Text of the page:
We may want progress to steadily ratchet towards whatever goal we have in mind, but not all elements of a system change at the same pace.
Optimizing for sustainability, personal cost, global resource consumption, individual dietary needs, and overall nutrition and health in the presence of uncertainty about the relative and absolute merits of different foods and diets is a nontrivial problem. The space of possible foods over which to perform that optimization is expanding.
But even with unlimited funds to buy whatever you wish and unlimited time for shopping and preparation, eating well still poses a challenge. There is an educational component as well; you have to learn or be taught what choices to make.
I visited the Trade Winds Asian Market on a rare summer evening where time slows and places itself like infinity in your hands. I wanted to make green coconut curry before the summer ran out; summer always seems to run out before it has any right to do so. A friend and I drove to the market and wandered the aisles of unfamiliar labels and food types. We pondered the notations in Chinese characters of which green stalks were lemongrass and which was the Thai basil.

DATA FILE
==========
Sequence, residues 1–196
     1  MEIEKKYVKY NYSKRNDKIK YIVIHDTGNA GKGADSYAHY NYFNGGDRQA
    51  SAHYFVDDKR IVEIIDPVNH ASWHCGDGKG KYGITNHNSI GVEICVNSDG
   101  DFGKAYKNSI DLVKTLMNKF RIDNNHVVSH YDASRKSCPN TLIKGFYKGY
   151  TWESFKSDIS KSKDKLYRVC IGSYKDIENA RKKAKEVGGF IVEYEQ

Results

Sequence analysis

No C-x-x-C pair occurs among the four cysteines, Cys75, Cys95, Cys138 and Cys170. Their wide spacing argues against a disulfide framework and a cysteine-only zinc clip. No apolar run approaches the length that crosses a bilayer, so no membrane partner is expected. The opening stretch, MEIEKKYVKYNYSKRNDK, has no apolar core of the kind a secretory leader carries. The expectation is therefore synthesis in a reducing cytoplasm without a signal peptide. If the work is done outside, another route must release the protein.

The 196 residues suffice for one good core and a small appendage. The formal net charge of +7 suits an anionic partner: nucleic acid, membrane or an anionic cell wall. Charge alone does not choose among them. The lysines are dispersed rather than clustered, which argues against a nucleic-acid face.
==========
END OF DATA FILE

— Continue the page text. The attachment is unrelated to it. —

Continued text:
Tonight as the first year medical students of Penn State Hershey College of Medicine prepare for their final Anatomy and Physiology exam (on Friday), the Christian Medical Society (CMS)/CMDA will host another free exam week dinner. What inspires upperclass students to bless first years with an every-other-week potluck during the stress of “proving themselves” (and even for […]